In a comment on my post yesterday, BLM4L had another way of calculating the implied elasticity of demand for cigarettes. His looked right; mine looked right too. But they didn’t give the same result. The problem, it turns out, is that he and I were both wrong. I did the analysis in too much of a hurry because I wanted to get it done quickly and deal with all my emotions about my daughter leaving for Thailand yesterday after a short visit.

We should have both forgotten about the earlier year baseline and simply worked with the data on (1) the estimated tax revenues gross of backfill and (2) the backfill. Those two numbers, combined with the price before the tax increase, are all we need.

So here goes.

The gross revenues from the tax are estimated to be $810 million. That means that the analyst must be assuming 810 million packs sold in the first full year after the tax is implemented. So that part of what I did was right.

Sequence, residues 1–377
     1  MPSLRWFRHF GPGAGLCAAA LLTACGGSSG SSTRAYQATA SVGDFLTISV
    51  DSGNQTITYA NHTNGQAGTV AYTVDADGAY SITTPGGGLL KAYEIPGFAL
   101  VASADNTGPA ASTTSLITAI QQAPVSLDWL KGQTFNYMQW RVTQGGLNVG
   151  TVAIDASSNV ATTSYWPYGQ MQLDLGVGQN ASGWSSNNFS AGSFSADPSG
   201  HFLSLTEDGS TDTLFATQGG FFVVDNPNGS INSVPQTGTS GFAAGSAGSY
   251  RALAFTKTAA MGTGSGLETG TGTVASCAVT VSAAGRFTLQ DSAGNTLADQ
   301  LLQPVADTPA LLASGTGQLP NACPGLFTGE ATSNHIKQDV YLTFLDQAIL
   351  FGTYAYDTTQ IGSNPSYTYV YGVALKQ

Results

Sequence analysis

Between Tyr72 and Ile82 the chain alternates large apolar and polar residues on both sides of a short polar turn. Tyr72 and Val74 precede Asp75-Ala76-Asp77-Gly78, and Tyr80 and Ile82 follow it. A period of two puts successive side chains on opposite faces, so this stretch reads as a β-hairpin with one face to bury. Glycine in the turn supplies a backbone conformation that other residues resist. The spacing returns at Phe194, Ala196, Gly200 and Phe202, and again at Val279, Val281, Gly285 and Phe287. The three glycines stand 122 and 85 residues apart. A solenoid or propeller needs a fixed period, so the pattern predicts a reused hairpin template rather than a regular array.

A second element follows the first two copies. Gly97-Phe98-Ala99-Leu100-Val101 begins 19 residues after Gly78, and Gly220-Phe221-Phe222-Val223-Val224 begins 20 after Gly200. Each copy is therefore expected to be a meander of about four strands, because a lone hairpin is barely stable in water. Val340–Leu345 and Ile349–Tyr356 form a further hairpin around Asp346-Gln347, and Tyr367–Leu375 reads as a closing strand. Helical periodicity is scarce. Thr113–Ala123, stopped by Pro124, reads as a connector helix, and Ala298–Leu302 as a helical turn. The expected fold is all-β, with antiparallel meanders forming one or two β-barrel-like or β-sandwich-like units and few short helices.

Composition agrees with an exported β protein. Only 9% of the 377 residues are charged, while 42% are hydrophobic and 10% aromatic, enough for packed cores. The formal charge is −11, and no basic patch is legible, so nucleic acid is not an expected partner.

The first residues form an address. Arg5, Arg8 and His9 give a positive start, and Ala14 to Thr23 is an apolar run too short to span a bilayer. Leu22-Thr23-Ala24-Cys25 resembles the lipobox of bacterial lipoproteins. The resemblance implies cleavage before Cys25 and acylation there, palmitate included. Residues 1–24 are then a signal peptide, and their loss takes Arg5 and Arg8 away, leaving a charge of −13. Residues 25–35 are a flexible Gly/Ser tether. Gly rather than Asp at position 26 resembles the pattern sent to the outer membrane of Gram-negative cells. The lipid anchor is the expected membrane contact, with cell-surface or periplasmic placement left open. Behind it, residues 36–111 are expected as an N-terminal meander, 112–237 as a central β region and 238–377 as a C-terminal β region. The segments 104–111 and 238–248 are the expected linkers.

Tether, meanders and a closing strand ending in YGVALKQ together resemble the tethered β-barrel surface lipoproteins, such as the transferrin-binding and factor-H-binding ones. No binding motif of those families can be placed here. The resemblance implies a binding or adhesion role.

But then we can use the “backfill” number to estimate what the analyst estimated to be the reduction in the number of packs bought because of the tax. The loss in tax revenues that the state government collects with the old 87-cent tax is $75 million. That means that he’s estimating $75 million divided by 87 cents, or 86 million fewer cigarettes sold because of the $1 tax increase. This is a reduction of 86 million divided by 896 million (810 million + 86 million) or 9.6%.

So a 20% price increase leads to a 10% cut in quantity. Bottom line: elasticity of demand = -0.5.